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Insurance sector considers more ways to improve diversity

Business colleagues

LONDON — Organizations in the insurance sector have made progress in improving diversity in their workforces, but they should adjust their strategies to make more advances, a panel of experts said.

Moving from mentorship programs to sponsorship programs can help women and diverse candidate win promotions in their organizations, they said.

Once promotions are won, pay parity will likely follow, they said during a panel discussion at the Business Insurance Women to Watch EMEA Awards and Leadership Conference in London on Friday.

In addition, changing hiring processes to include practical projects can enhance the chances of diverse candidates, they said.

Companies should move from mentorship programs to sponsorship programs, said Anthony Baldwin, CEO of AIG UK, a London-based unit of American International Group Inc.

“When you agree to sponsor someone and you believe in the person, then it’s your responsibility to help that person progress through the organization,” he said.

But sponsors should be someone other than a person’s boss, said Kelly Lyles, chief executive of client and country management at Axa XL, a unit of Axa SA, in London.

“The way you think about a sponsor is someone that will bang the table in your name,” so women should try to recruit sponsors who are in a position to influence their advancement in an organization, she said.

“You need a commitment, and you need authentic engagement. You want the sponsor to really be invested in the person that they are sponsoring, because otherwise it’s not really going to work,” said Carolina Klint, CEO of the Northwest region for the Continental Europe unit of Marsh LLC.

Ensuring the advancement of women will also close the gender pay gap, the panelists said.

Since 2018, U.K. companies have been required to publish the difference between the average pay of female and male staff.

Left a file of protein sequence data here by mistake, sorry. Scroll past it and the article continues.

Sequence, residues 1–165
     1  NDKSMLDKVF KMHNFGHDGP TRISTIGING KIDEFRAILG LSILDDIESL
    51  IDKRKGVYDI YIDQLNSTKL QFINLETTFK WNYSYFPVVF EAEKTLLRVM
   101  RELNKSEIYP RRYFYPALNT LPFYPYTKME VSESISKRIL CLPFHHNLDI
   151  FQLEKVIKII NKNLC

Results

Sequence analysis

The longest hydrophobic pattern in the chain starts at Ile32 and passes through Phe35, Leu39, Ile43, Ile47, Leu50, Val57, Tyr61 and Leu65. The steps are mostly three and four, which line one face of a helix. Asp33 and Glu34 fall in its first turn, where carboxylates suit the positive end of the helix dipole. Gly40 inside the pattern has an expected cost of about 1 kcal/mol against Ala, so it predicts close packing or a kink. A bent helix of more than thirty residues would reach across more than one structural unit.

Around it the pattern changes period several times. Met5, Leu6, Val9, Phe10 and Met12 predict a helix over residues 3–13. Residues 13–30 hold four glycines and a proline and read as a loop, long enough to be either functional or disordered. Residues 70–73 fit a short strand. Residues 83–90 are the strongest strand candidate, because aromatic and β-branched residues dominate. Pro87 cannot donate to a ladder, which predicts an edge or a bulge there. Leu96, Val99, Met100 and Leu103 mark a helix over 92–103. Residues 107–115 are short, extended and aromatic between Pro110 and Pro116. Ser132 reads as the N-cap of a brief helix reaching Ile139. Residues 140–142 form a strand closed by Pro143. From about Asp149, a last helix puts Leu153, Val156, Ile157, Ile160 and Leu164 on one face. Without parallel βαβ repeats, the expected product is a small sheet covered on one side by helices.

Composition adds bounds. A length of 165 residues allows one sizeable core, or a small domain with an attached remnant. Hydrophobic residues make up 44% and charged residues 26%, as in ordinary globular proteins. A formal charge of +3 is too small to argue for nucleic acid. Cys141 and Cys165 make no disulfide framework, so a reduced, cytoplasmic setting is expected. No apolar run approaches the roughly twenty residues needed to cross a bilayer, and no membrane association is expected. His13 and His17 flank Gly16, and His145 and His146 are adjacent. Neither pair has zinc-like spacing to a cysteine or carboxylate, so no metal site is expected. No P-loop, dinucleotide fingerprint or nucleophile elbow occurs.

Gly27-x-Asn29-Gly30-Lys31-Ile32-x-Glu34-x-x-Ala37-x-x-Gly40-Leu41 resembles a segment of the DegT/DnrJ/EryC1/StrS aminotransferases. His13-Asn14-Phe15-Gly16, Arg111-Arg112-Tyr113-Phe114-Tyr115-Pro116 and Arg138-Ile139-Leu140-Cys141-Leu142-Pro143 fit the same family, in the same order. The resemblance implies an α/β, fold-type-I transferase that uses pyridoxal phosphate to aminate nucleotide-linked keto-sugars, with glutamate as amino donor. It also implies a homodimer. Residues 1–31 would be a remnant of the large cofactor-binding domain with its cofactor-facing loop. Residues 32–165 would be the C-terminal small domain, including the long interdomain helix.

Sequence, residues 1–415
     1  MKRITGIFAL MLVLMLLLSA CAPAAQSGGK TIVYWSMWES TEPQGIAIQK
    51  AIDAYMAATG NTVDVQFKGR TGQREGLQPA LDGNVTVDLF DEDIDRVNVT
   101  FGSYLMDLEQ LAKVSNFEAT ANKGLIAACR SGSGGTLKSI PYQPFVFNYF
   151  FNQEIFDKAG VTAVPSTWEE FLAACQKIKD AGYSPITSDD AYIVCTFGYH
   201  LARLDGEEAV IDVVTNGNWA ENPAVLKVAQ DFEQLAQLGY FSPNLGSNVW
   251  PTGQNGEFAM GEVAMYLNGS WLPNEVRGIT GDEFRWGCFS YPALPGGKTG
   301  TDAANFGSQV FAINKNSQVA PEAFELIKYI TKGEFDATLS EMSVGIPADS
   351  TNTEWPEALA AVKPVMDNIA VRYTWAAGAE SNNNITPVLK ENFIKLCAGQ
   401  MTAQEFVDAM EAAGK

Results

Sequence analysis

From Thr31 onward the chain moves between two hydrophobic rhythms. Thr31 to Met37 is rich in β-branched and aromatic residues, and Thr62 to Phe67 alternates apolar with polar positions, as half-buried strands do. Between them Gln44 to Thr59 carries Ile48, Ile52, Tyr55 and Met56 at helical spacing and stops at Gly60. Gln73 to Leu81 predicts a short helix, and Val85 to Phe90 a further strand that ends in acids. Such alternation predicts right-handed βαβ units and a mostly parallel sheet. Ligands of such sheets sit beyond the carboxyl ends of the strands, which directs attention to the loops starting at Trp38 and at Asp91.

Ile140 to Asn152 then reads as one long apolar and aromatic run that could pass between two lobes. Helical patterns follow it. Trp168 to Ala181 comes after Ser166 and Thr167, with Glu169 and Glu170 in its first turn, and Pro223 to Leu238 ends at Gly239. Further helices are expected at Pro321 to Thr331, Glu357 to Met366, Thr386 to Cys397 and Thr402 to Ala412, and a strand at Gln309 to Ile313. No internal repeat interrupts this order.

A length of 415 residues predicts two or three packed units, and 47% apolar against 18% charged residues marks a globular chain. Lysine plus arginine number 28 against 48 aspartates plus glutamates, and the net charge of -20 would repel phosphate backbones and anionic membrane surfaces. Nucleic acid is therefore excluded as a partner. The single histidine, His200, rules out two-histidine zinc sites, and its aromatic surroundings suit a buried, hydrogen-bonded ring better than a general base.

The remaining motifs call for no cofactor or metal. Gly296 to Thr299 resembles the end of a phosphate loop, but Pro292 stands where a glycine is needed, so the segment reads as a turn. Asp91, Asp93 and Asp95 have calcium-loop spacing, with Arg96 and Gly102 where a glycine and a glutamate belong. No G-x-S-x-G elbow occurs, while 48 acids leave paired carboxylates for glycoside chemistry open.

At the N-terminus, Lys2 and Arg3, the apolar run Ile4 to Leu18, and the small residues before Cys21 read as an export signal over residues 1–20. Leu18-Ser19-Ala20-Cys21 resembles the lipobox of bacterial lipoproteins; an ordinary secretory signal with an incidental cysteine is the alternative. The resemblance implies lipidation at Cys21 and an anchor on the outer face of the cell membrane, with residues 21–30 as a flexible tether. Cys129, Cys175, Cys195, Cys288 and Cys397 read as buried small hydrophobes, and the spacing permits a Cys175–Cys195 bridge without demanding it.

The biggest lever that executives have to reduce the gender pay gap is to improve the rate of promotion of women from middle management to more senior positions, which are still dominated by men, Mr. Baldwin said.

“You’ve got to have intent with that, you’ve got to have a plan, and you have to recognize it as an issue,” he said.

On a peer-to-peer basis, pay parity is much closer than it was in the past, Ms. Lyles said. “The critical thing for pay parity is to get gender parity all the way through the workforce,” she said.

To help develop more opportunities for women and minorities, Axa XL insists that a diverse candidate be included on a slate of interviewees, and the hiring manager has to interview the diverse candidate. “If there’s tie in skill set, the advantage will go to the diversity candidate,” she said.

Marsh insists that diverse candidates be considered for positions and this year introduced “case study hires” where finalists work through a case study and present their findings, Ms. Klint said.

Some of the Marsh executives come out of the case study presentations commenting that the diverse candidates have a different approach to a problem, she said.

“It provides a path for you to reflect on the benefits of having a diverse candidate and the perspectives that will bring to the team,” Ms. Klint said.




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